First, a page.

CLIA Cruise Week Guest Article

Cruising is buoyed up by a new wave of optimism

By Dave Monk

Boarding a ship again this year was an emotional moment - especially when I stepped into the atrium to the sight and sound of crew welcoming me back to the sea.

Dave Monk in The Manor of Scarlet Lady

From that initial embarkation, on MSC Virtuosa - the first ship to leave British shores in May - I’ve been on four more ‘seacations’: the maiden voyage of P&O Cruises ship Iona, the revamped Celebrity Silhouette, tall ship Golden Horizon and Sir Richard Branson’s new baby, Scarlet Lady.

Though all have set sail along the south coast - sometimes on scenic cruises, sometimes to further destinations - they have been very different experiences.

Take Iona, the largest ship built for the UK market, with its three-storey windows flooding the atrium with light and views of the passing scenery. It offers a vast range of food and entertainment with a very British twist.

Sky Dome, Iona, P&O Cruises

Contrast this with the billowing sails of Golden Horizon, looking like something from a past age as we sailed from Portland to Dover.

Neither of these is anything like the experience of Scarlet Lady - Virgin Voyages has stamped its individuality on its first ship with sex talks, a lively nightclub and colourfully different stage shows.

Compass Deck, Golden Horizon, Tradewind Voyages

My Celebrity Silhouette cruise was the only one to pause at ports, allowing me to visit the Giant’s Causeway in Northern Ireland where I drank Bushmills whiskey literally ‘on the rocks’.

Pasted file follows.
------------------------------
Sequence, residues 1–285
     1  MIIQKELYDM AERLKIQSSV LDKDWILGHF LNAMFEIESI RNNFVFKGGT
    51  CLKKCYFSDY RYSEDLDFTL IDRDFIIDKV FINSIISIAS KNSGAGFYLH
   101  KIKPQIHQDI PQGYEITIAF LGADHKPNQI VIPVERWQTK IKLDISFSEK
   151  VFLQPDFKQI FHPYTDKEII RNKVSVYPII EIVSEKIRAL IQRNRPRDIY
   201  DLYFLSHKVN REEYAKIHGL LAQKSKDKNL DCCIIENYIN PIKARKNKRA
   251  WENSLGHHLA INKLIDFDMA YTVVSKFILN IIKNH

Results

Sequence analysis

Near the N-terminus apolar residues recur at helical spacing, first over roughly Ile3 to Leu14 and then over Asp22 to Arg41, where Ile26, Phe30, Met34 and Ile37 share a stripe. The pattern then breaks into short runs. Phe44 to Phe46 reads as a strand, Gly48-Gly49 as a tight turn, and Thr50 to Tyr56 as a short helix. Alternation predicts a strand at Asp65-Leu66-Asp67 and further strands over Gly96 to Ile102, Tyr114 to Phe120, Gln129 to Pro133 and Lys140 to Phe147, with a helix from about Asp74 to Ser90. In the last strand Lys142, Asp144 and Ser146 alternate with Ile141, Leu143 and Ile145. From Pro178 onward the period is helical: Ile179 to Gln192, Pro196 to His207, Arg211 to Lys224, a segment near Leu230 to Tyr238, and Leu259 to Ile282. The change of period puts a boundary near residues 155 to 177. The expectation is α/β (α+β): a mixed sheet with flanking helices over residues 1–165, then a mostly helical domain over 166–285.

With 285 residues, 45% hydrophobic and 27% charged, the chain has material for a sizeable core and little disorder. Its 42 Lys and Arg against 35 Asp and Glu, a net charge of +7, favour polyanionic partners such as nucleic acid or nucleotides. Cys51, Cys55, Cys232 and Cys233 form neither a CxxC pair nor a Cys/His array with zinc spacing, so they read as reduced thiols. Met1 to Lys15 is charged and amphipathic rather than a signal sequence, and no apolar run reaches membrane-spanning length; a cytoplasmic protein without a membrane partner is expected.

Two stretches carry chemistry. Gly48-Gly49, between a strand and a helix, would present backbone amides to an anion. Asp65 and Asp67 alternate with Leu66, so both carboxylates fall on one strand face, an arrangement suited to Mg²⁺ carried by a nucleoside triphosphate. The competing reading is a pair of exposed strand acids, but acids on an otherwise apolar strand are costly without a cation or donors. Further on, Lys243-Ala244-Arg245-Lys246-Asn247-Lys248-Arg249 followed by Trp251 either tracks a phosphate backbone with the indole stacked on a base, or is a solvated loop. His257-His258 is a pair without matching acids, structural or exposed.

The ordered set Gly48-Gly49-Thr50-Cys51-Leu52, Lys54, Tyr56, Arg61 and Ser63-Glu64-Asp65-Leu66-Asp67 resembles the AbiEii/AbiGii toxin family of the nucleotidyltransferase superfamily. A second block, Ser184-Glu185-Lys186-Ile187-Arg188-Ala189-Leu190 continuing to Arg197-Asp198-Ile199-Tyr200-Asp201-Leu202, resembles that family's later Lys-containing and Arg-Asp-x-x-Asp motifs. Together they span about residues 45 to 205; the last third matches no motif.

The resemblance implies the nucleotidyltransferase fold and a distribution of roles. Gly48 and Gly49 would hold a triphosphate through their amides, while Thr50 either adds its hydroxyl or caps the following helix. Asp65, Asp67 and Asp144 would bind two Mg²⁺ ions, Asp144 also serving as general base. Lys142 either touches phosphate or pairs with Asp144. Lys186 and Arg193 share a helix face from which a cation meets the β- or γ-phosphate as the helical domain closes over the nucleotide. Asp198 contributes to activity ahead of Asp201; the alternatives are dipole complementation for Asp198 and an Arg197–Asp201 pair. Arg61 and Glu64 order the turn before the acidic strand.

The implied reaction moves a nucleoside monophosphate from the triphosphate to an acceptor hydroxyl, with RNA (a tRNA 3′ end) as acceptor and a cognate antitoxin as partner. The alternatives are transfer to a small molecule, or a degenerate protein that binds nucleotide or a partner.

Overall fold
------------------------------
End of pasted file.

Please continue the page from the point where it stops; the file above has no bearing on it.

If there’s a silver lining to the pandemic, it has been appreciating everything cruising offers, as if for the first time. Unpacking once; having bars, lounges and restaurants only minutes away; enjoying live music and stage shows; being pampered in spas; socialising (albeit at a safe distance) with new people or old friends.

It’s been a joy simply to break away from the four walls which have constrained most of us for the past year and open that balcony door, or walk on to the promenade deck, to hear, smell and see the ocean again.

Of course, the summer ‘seacations’ have just been the first cautious steps towards the resumption of cruising for Britons and the world is slowly opening up to allow us to sail to foreign shores once more.

Looking further ahead, there’s lots to come in the next few years. Cruising - both ocean and river - is constantly pushing the boundaries, testing innovative ideas and inventing new itineraries.

The Manor, Scarlet Lady, Virgin Voyages

Carnival Cruise Line now boasts the first rollercoaster at sea on Mardi Gras. Expedition lines are turning their ships into James Bond movie extras with helicopters and submarines.

Environmentally, more vessels are being powered by liquefied natural gas or hybrid electric systems.

On the sales side, it seems that cruise lovers denied their favourite holiday for more than a year are preparing to spend more, book a better cabin or tick off that bucket-list itinerary.

New-to-cruisers who have dipped their toe in the water are realising what they’ve been missing and many are being converted to loyal guests.

With a fair wind, the dark clouds for the cruise industry are passing and a bright horizon is spreading before us. Full ahead, captain!